Pelusios castanoides intergularis) a sub species of P. castanoides which is found on mainland Africa ranging from Kenya to the north eastern Republic South Africa. The species which is listed as Critically Endangered on the IUCN 2008 Red List, is restricted to 6 islands of the Seychelles group, with 4 breeding populations remaining.

In 2005, it was estimated that there were only 120 adults in the wild and legal protection of wetland habitats is urgently required as populations continue to decline due to ongoing marsh drainage and river canalization.
ID chart for Seychelles endemic terrapins, Mortimer and Bour (2002)

After confirming the species ID with terrapin expert, Justin Gerlach from the Nature Protection Trust, Seychelles, the next step was to decided what to do with “J.Lo”. Should she be released back in the Plantation Club wetland, where a tourism development is scheduled to begin shortly or should she be relocated to the Intendance wetland which is being managed and protected by Banyan Tree Resort, Seychelles?

Banyan Tree Wetland, a safe haven for terrapins, photo Elke Talma.

With an estimated population of only 120 animals, the choice was easy. Staff at Banyan Tree who are familiar with terrapin husbandry, are working on a quarantine area for “J.Lo” but in the mean time she is chilling in Elke’s bathtub and developing a fetish for broccoli and banana’s, having turned her nose up at the snails Elke found in her garden.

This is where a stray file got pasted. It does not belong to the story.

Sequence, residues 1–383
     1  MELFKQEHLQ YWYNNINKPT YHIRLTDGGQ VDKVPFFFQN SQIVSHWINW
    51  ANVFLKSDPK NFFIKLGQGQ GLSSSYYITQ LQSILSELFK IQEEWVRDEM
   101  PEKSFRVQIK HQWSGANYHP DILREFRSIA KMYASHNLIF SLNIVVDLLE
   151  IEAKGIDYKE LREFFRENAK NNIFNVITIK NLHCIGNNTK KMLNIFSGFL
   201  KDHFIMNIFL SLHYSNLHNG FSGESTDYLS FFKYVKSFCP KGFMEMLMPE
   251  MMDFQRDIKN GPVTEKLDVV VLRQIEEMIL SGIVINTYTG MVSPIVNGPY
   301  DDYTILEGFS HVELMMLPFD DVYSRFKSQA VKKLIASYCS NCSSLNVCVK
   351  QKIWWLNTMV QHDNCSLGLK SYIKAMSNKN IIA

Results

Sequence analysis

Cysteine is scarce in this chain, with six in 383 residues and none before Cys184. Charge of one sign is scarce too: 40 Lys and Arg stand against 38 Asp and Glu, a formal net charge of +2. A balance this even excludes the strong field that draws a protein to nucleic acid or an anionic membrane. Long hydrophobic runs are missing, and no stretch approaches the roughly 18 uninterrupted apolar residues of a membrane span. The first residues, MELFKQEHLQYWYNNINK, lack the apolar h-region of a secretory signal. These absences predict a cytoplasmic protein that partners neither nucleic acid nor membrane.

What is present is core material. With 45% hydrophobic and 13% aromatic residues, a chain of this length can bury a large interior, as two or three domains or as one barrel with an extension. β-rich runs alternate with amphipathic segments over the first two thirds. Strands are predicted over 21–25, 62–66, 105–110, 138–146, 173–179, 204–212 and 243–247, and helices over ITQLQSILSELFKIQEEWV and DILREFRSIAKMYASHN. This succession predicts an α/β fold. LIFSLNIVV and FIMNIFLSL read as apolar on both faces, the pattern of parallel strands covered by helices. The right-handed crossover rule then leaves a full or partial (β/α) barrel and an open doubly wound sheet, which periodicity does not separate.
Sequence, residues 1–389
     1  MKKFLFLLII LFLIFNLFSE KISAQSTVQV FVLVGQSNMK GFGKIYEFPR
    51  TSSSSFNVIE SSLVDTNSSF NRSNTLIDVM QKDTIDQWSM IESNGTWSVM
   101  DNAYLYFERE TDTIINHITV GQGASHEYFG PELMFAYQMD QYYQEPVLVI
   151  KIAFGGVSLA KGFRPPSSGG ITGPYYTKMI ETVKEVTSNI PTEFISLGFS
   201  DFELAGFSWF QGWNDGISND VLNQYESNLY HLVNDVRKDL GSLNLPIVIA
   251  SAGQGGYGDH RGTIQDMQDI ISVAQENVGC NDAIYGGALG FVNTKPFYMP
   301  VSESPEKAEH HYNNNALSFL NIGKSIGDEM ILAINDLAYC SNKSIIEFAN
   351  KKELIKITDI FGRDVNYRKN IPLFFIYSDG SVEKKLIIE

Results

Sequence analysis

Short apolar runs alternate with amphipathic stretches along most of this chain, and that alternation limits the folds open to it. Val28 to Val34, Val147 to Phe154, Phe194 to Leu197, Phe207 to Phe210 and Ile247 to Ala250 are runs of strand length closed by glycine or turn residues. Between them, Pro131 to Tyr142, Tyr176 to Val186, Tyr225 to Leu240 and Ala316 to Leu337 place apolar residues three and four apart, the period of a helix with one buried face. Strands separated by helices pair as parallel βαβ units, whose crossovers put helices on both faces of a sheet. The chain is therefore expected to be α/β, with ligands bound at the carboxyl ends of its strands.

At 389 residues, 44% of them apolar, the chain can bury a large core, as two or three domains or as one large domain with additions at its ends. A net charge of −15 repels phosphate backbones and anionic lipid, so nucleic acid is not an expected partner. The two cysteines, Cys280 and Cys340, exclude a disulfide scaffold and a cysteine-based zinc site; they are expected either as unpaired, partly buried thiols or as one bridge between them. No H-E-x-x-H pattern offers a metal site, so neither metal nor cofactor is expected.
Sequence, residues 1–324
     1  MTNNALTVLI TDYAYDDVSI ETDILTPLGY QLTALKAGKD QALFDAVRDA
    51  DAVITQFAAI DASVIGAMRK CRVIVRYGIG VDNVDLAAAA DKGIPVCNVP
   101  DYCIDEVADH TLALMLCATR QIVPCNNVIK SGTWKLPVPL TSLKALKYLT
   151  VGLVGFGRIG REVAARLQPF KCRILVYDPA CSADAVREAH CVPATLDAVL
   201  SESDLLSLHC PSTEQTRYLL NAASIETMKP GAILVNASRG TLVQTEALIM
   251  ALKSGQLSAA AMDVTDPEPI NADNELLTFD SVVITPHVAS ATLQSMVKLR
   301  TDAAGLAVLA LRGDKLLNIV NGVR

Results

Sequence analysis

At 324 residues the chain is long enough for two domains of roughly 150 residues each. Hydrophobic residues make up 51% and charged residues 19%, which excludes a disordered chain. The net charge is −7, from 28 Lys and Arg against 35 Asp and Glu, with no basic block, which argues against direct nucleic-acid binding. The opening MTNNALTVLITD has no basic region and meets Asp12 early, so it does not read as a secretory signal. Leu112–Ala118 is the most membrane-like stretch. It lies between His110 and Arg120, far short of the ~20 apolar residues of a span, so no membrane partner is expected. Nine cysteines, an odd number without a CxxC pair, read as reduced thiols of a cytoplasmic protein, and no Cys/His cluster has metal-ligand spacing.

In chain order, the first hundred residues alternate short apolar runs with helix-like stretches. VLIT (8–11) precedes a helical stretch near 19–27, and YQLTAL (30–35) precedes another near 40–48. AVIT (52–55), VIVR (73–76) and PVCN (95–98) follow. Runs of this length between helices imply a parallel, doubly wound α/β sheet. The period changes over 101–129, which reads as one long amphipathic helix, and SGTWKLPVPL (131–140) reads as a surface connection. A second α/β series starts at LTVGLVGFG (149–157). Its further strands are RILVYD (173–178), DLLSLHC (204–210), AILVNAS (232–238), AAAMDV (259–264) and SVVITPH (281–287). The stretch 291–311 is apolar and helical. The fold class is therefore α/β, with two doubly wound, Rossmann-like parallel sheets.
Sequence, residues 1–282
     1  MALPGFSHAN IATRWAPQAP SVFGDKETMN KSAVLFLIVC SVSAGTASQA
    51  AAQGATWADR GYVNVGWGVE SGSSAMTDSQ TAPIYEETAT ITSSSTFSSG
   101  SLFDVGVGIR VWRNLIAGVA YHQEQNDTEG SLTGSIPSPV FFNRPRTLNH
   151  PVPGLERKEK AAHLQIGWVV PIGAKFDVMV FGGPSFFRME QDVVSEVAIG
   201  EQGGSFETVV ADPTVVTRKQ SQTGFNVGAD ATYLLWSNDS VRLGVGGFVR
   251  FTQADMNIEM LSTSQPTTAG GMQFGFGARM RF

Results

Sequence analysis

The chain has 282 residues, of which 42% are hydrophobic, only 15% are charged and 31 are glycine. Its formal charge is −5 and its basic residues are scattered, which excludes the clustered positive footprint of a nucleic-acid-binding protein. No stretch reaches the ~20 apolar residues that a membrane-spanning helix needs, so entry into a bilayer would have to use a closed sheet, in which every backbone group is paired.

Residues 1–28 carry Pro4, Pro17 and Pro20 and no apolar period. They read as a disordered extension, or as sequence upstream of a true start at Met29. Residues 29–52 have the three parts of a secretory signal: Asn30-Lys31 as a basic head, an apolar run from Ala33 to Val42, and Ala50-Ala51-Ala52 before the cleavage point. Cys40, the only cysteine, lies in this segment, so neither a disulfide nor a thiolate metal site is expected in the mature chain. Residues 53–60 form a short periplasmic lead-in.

Monday, May 11, 2009

Have you the heart to be a voluntary conservation officer?

Some people who express a wish to be a volunteer turtle conservation officer have quite a romantic conception of what it entails. It sounds quite inviting, walking a tropical beach in search of nesting turtles and then sitting down and recording the data gathered.

It sounds a doddle!

Don’t be mislead. It is hard work walking a beach in the tropical, humid heat of Seychelles… and often a lonely task. Its certainly not for the fainthearted.

So why do we do it?